Andy Crouch - Code, Technology & Obfuscation ...

Genders & IT Recruitment

Woman On Laptop In Cafe

Photo: Unsplash

I’d like to discuss something that happened recently relating to IT recruitment. It’s about the approach taken by recruiters when compiling candidate lists. It is something that I will admit I have never noticed until now and it is they never include women.

Never? Never! I thought back to the times I have resorted to hiring via traditional IT recruiters. I, never once, have had a woman’s CV forwarded for a developer role.

At Open Energy Market I have held a large number of interviews over the last 2 years. I prefer to target developers via job boards and favour Hacker News as a great resource. In fact, the best developers I have hired over the last couple of projects I have worked on have come from there. Last July I wanted to hire a Full-Stack .Net web developer but came up short. For once Hacker News came up short.

I am targeted by recruiters on a daily basis and have spoken to a selected few that came recommended. Due to an urgent need to hire I decided to see what candidates these recruiters would present. On purpose, I limited myself to only 3 recruiters.

The first round of CV’s sent over were not particularly impressive. In talking to the recruiter that provided them I asked why this might be. She told me that it was the best of the current applicants local to our office. I reminded her that I was not worried about location and was happy to hire a remote team member. She started to get very excited and ask what other variants would I accept. Would I like to talk to Full Stack developers skilled in other languages and frameworks? Was I concerned with age?

I answered her questions and I realised that being very flexible still ended in the same result. Male only candidates. So I asked, “Do you not deal with women developers?” The response I got was “Oh! You would want to review the CV’s of women developers?”

“Oh! You would want to review the CV’s of women developers?”

This recruiter was a woman I should add. “Yes, of course, I would,” I said gobsmacked that she would respond in this way. The result was around 10 more CV’s added to my review list.

This made me sit and think when I came off of the phone with her. Is that a normal approach? Do I have to prompt a recruiter to include women’s CV’s for technical roles? I started to try and think back to the conversations I have had with recruiters. Had I said or suggested something in my requirements that would cause this approach. I called up the other two recruiters I was dealing with at the time and repeated the conversation. “CV lists are weak …” “Remote is fine … “ “Other language experience is OK …” Then I asked each of them “Do you not deal with women developers?” Once again they responded in line with the first recruiter. Once again I said that I was keen to interview great developers regardless of their gender.

As it turned out I hired a developer that resulted from these conversations. She is remote based and was by far the best and most suitable candidate I interviewed for the role.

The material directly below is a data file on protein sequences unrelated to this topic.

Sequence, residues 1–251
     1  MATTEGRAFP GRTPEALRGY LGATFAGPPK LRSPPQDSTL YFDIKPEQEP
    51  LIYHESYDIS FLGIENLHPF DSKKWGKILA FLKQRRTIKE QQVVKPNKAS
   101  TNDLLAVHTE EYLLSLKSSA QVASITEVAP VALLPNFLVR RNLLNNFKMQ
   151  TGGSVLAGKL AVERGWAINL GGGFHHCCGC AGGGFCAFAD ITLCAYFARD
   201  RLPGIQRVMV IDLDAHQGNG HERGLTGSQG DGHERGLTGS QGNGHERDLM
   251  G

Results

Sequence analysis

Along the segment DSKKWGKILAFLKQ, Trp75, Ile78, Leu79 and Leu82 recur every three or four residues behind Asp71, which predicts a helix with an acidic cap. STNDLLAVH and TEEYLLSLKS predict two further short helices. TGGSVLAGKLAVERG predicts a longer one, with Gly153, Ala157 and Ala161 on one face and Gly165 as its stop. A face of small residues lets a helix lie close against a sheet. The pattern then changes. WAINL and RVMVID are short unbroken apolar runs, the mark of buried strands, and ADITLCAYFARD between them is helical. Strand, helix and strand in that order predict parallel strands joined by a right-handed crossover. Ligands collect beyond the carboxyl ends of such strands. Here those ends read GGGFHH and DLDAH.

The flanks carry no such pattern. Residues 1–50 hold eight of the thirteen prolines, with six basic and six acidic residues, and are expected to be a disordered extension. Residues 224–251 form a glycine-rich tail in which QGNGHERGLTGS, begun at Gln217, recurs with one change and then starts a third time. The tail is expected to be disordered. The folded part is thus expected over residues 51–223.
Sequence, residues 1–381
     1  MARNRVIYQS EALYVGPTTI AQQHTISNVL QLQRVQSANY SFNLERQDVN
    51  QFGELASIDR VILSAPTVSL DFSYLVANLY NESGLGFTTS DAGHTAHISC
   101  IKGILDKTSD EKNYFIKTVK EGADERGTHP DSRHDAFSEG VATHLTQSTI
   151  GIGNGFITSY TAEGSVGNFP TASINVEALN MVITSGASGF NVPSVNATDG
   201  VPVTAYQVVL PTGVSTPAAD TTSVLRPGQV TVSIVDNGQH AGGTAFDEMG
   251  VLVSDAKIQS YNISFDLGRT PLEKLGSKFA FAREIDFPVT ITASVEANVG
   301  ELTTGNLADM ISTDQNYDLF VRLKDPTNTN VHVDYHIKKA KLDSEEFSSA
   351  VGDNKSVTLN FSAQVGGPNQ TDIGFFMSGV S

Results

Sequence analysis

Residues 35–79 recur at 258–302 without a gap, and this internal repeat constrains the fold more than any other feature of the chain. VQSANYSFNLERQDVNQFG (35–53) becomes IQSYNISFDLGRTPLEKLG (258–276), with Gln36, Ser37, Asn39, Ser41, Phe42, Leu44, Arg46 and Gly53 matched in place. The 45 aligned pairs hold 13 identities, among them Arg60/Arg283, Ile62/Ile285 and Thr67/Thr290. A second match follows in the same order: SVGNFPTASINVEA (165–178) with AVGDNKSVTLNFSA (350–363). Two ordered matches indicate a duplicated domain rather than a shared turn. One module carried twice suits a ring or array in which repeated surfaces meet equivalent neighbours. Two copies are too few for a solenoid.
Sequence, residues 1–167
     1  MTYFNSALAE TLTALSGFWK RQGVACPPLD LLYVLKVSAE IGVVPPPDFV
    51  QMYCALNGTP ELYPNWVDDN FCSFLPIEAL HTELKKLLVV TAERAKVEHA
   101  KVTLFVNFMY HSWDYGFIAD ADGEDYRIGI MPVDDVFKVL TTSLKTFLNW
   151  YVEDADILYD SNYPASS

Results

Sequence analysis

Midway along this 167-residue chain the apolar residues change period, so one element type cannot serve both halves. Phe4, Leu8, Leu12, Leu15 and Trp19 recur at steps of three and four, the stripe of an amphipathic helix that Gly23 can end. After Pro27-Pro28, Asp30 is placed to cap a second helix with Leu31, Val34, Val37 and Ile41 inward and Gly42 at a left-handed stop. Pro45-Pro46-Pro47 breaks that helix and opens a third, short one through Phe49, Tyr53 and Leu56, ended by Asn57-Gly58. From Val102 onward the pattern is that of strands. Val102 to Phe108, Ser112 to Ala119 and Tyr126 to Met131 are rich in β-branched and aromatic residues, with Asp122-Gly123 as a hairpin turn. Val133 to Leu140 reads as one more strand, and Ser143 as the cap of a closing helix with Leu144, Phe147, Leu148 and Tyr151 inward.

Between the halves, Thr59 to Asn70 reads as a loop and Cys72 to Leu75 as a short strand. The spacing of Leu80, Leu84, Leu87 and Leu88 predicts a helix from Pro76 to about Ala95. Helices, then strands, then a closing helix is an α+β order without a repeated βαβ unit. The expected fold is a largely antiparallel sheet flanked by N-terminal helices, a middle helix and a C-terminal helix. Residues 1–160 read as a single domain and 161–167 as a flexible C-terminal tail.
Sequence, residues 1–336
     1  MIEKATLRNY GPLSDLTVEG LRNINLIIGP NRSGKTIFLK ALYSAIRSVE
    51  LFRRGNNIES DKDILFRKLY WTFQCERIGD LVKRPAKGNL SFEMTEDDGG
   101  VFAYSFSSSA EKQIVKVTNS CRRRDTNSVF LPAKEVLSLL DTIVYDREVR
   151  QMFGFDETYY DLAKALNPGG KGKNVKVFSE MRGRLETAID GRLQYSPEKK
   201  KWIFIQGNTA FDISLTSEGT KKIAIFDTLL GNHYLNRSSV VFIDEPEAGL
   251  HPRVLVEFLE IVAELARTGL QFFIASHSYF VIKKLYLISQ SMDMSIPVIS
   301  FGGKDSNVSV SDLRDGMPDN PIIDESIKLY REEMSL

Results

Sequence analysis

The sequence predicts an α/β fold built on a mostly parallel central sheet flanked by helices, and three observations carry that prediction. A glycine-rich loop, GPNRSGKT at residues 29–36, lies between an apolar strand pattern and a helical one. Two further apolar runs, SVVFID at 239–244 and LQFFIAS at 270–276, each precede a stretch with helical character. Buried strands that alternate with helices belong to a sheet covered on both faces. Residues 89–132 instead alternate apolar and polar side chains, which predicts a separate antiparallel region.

This experience made me think, is this a common issue with recruiters? I have always had a mix of candidates regardless of gender when using job boards. I have never once had women’s developer’s CV forwarded by a recruiter. Should it be my responsibility to actually give my permission to allow women to apply? I 100% do not think that should be the case at all. I do not think any hiring manager should have to even consider this in 2017. Is it caused by the target-driven nature of the recruitment business? Is it a hangover from less equal times? Whatever the reason it is wrong.

I hope when I hire next I do not find this still to be the case. It likely will be and I will be mindful to ask earlier in the process.

I encourage you to as well.

New Year, New Blog.

2017 In Sparklers

Photo: Unsplash

Welcome to my new blog.

This is not the first blog I have written. In the past, I maintained a blog for some years over on Blogspot. Due to family and volunteering commitments, I failed to find time to maintain it.

I have made some promises to myself for 2017 to make time to devote to personal coding and writing. This blog relates to one of those promises. I intend to (or attempt to) publish at least one post a week on a varied range of topics.

For those that do not know me, I am a 20 year veteran of the web and software development industry. I have worked across various industries and used a varied mix of technology. Some of my previous clients include BP, easyJet and HSBC. You can read about the interesting stuff here and here.

I am currently Chief Technology Officer for Open Energy Market. We are building a game-changing commercial energy procurement and management platform. My journey in this role and the technology we build will form the basis for some of the posts here. I have learnt a tremendous amount relating to the running of a start-up so it will not be all code and technology.

If you’d like to follow any of my social media or project’s then click the left hand menu for my various account links.

So to anyone that has come across this post, here’s to a Happy and blog post filled 2017 and beyond!